T Nation

Dog Lovers


#1

I'm thinking of getting a dog. I've mostly had working dogs in the past but they're too highly strung and time demanding for my current needs. So I'm thinking of getting a guard dog for my property. I'm leaning towards a Tibetan Mastiff. Also considering other breeds - maybe a Rottweiler. Any thoughts or just dog talk in general?

Edit: I've also had some experience with "primitive" breeds - specifically the Dingo. Although the Tibetan Mastiff is not a pariah or "primitive" breed as such, it is one of the oldest domesticated breeds on earth and has a similar temperament to primitive breeds.

I particularly like the calm, reserved and aloof nature of the primitive breeds. I remember reading about an experiment with primitive breeds that says a lot about their nature. They placed food out of their reach - the domestic dogs would try to get it; give up and look to the person expectantly to get the food for them. The primitive breeds would just keep trying to get it without looking to the person for help.


#2

What breeds have you owned?
Are you simply looking for estate protection, some time companion, or what?


#3

Australian Cattle Dogs, Rhodesian Ridgeback/Mastiff cross, Kelpie, German Shepherd...

Guard dog; companion - low/medium exercise requirement, quiet/easy going temperament.


#4

#5

I like toy breeds. I make no apology for this


#6

less that 15lbs = barking rodent, not a dog.


#7

even if it has a cute little schmooshy face?


#8

Seems lie the Mastiff/Rhodesian would have been nearly catatonic for activity,,,

I would think the Livestock Guardians would be too serious and long haired (other than the Anatolian Shepherd) for your climate. The only Anatolian I have knowledge of was very tall, skinny build, and basically guarded his and the neighbors acreage including killing 2 other dogs and several coyotes coming too near to owners' ducks and geese over several year period.

Rottweilers I have known (4) were very aggressive and extremely strong.

Maybe a Bull mastiff, Great Dane, American Bulldog (not confused with a pitbull). Not sure what access you have there.
Can't speak to the Asian breeds like Akita or Shar Pei.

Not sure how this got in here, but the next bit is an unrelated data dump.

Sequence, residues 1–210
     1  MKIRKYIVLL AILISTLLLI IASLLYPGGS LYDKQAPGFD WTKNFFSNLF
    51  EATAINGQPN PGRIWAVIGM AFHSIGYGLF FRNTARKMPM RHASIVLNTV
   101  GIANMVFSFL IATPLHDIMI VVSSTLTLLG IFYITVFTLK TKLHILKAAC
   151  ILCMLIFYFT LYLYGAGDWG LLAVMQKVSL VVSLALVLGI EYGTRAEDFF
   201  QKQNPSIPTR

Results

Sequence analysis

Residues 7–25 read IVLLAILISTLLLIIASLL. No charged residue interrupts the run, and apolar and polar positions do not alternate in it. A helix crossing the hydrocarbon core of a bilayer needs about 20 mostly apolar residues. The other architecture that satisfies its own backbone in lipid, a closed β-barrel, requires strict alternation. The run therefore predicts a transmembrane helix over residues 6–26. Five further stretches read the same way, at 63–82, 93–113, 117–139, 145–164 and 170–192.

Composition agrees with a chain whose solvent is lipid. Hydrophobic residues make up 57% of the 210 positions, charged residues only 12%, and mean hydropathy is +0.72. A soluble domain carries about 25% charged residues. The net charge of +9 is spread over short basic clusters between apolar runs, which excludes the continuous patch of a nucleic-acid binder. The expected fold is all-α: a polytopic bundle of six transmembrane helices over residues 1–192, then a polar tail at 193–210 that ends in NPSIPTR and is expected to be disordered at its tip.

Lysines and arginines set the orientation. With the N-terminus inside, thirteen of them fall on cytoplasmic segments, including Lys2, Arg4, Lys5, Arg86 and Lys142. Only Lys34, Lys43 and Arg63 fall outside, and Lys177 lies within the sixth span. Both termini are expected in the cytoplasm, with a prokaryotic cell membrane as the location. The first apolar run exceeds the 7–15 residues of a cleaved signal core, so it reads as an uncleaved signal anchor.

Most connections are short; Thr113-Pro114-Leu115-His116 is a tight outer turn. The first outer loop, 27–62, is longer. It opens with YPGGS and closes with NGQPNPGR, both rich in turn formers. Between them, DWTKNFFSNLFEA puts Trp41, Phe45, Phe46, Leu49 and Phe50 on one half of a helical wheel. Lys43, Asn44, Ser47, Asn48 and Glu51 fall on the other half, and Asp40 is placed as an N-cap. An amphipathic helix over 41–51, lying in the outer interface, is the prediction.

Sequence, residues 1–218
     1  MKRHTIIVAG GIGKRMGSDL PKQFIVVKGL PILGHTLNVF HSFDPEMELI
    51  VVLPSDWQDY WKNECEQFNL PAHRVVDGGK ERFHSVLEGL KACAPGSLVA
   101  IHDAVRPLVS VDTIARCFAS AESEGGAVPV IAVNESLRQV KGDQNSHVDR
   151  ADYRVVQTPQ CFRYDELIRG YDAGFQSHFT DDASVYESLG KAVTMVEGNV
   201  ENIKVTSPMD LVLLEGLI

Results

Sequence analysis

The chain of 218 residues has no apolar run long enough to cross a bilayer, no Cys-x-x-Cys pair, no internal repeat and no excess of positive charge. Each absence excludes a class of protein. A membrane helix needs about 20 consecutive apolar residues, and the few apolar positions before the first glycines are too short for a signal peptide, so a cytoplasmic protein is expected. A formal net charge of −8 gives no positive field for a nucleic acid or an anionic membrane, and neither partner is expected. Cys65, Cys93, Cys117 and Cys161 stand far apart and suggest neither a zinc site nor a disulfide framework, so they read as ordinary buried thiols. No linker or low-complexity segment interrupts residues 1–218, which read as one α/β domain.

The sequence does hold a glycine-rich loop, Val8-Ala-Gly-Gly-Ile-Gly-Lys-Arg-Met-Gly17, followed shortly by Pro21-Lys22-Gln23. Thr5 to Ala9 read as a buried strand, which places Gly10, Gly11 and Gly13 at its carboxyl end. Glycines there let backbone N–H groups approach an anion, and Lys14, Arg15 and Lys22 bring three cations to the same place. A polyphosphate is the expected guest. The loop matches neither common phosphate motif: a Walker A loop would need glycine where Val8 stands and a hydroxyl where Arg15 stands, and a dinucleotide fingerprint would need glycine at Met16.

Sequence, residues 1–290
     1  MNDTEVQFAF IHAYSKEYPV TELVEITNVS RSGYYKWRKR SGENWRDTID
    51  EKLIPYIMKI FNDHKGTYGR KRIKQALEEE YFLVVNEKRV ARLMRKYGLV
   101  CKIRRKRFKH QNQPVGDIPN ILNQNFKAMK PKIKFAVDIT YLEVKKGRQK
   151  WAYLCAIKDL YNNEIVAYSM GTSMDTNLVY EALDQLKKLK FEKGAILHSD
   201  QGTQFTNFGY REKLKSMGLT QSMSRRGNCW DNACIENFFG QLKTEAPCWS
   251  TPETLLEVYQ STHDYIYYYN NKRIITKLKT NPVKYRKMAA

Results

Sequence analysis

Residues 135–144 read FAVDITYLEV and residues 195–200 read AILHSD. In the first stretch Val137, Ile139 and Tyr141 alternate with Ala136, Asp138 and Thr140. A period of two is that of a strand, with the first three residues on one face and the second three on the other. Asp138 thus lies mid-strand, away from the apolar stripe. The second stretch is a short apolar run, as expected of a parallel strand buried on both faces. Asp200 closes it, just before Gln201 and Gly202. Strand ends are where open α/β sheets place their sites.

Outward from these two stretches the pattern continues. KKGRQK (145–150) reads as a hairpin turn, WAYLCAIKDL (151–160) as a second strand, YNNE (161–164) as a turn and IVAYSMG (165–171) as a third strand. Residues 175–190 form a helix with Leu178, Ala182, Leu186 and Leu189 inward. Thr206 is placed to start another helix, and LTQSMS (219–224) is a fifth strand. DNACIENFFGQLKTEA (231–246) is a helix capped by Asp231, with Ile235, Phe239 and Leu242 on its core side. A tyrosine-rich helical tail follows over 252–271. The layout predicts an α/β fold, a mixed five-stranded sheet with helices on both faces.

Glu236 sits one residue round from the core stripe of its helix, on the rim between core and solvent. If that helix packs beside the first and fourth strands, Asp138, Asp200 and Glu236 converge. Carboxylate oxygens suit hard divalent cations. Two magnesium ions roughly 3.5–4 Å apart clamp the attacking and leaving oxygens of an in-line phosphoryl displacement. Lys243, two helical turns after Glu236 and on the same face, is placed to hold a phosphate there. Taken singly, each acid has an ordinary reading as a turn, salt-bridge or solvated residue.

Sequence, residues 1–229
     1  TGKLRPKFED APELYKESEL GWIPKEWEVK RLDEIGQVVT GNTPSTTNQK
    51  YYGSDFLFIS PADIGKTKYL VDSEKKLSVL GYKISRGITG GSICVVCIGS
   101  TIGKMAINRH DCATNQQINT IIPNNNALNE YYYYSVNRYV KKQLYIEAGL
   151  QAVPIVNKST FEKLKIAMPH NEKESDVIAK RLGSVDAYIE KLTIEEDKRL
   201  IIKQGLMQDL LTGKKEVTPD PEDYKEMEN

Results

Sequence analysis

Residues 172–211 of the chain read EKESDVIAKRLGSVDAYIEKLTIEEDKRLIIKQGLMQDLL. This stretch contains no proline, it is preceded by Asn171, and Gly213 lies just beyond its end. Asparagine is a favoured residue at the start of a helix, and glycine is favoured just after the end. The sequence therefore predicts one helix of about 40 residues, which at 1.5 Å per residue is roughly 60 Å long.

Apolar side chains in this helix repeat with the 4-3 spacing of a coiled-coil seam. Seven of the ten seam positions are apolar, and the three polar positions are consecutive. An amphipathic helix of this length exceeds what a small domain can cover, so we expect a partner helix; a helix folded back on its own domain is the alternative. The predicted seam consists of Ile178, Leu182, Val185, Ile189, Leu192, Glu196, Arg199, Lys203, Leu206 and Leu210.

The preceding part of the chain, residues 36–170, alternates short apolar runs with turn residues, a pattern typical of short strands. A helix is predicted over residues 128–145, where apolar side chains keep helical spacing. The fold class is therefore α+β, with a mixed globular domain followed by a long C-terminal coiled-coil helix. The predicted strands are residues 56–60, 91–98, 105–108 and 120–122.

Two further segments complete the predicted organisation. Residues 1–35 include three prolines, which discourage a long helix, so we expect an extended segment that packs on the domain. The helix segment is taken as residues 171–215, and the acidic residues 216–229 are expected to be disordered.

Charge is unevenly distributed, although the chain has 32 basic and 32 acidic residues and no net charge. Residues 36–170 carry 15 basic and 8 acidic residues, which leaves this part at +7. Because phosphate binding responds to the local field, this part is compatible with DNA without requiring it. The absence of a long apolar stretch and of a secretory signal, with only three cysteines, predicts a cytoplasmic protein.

#9

Just to give you a somewhat different idea, certain small dog breeds make excellent watch (not guard) dogs and are much easier to care for day-to-day than a big-ass guard dog. My family had a West Highland White Terrier growing up, and it never barked unless it was telling you something very specific. It had its own "vocabulary" of barks. Different barks for animals in the yard, cars pulling up, someone at the door, needing to be let out and hey why don't you give me some water/food.

It was very, very reliable in its various alert barks. It barely shed. It didn't stink up the house. You did not need an excavator to clean up its shit. It did not eat $10 of food per day. And it was a great companion. I really liked our Westie.

http://www.dogbreedslist.info/all-dog-breeds/West-Highland-White-Terrier.html#.U_tuW2MzajY

Of course, a Westie will only alert if somethings up. An 18 pound terrier is not a dangerous or intimidating animal, at least not to a human.


#10

It's interesting that OP mentioned the Tibetan mastiff. They actually used to pair those with Tibetan spaniels; the little ones would watch and bark an alert, and the big ones would do the actual guard business.

From wiki:
"The little dogs would sit on the monastery walls, keeping watch over the countryside. Their keen eyesight and ability to see great distances made them excellent watchdogs. They would alarm bark to alert the monks and the Tibetan Mastiffs below."

Thought that was pretty cool.


#11